I can answer questions on violin, viola, cello and bass making, repair and maintenance as well as supply general violin value ranges and information on instrument makers’ assuming the instrument's as labeled. I don't give values for modern makers as many of these modern makers are yet unknown to me. I can only give you feedback based on what information you give me, and no authority on the instrument can know every maker's work that ever lived. I have access to many books on makers and auction prices on over 25,000 makers, as well as having 36 years of experience with selling and appraising violins. Without having the instrument in hand, any estimate over the internet is just a guess as the label inside an instrument is more often wrong than right, so just having that information is not very useful. Pictures can sometimes be helpful but only so much, as the "feel" of the instrument along with small clues in workmanship and varnish cannot be seen in pictures. Any pictures should be high quality close-ups of the top and back. Additional photos of the front and treble side of the neck are also useful. It is always best to have an instrument seen in person at a violin shop that does appraisals. I can also provide advice on bows, rosin, strings and other string instrument accessories. As I am now retired, I have no bias towards selling anything; I only wish to share my knowledge and experience by providing information for those that may be getting confused by misinformation, misdirection or conflicting statements. (While I have seen many thousands of instruments and have performed numerous appraisals; if I have not evaluated an instrument in person, any information I set forth in an opinion is just that, an opinion based solely on what you have provided. Thusly, no financial decision should be based on that opinion, but rather, further investigation should be performed by having the instrument examined in person.)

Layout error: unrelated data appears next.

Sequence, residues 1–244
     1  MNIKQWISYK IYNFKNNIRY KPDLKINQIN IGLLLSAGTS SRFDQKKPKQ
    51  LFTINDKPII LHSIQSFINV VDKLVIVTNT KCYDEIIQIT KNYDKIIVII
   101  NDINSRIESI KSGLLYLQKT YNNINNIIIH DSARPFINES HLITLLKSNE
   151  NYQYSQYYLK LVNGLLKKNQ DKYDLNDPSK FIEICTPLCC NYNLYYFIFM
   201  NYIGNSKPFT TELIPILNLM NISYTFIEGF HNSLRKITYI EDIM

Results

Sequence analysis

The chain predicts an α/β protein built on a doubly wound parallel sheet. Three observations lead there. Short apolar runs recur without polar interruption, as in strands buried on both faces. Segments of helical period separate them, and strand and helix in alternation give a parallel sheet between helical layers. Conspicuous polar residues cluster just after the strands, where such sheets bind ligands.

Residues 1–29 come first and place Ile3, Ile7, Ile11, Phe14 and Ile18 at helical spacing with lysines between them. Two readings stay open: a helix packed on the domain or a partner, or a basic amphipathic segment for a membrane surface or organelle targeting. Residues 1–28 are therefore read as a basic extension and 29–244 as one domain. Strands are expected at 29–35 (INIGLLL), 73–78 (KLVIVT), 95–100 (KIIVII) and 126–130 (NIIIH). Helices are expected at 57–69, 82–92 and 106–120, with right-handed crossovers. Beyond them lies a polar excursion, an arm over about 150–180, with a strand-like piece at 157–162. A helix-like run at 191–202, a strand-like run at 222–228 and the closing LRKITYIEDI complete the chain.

I am a retired violin maker and repairman with 35 years experience having worked in Chicago and Maryland at 5 different violin shops and music stores including the first violin repairman at William Harris Lee in Chicago, the head repairman at Weavers Violins in Maryland, and in my own shop of 25 years. I have made 160 instruments and have restored countless professional level and student grade instruments. I am an accomplished violinist having performed with semi-professional as well as amateur groups although I haven't played for years and mostly stay away from questions about playing. I have taught violin making and restoration to about 20 students; three of which have gone on professionally and now have their own shops. I know violins from playing, selling, repairing, making and teaching.

Violin Society of America (VSA). American String Teachers Association (ASTA)

I graduated from the prestigious 4 year Chicago School of Violin Making in 1981 under Master Violin Maker Tschu Ho Lee. I also studied with violin maker Willis M. Gault in Washington DC from 1973-75, who was the former owner of the oldest known example of an instrument from the modern violin family, an Andreas Amati Viola.

Awards and Honors
2008 Chester Petranek Award for service to the music community. ASTA award for service. Top All Expert in Violin for 2014 and 2015.

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I have worked with many professional musicians from DC area Symphonies as well as players from all over the US. Here are just a few, Leonard Slatkin - Former conductor of the National Symphony Orchestra. Doris Gazda - Nationally renowned string specialist and composer. Bernard Greenhouse, Tanya Anisimova - Internationally renowned Solo Cellists. Jody Gatwood, Mark Pfannschmidt, Lori Barnet, Doug Dubé, Judy Silverman - National Philharmonic Orchestra. Robert Blatt, David Hardy, Glen Garlick - National Symphony Orchestra. Eddie Stubbs, Brendan Mulvahill, Nate Leath - Professional Fiddle Players. David Basche, Pat Braunlich, John Knudson, Romano Solano, Ed Ferris, Fred Lieder - freelance musicians.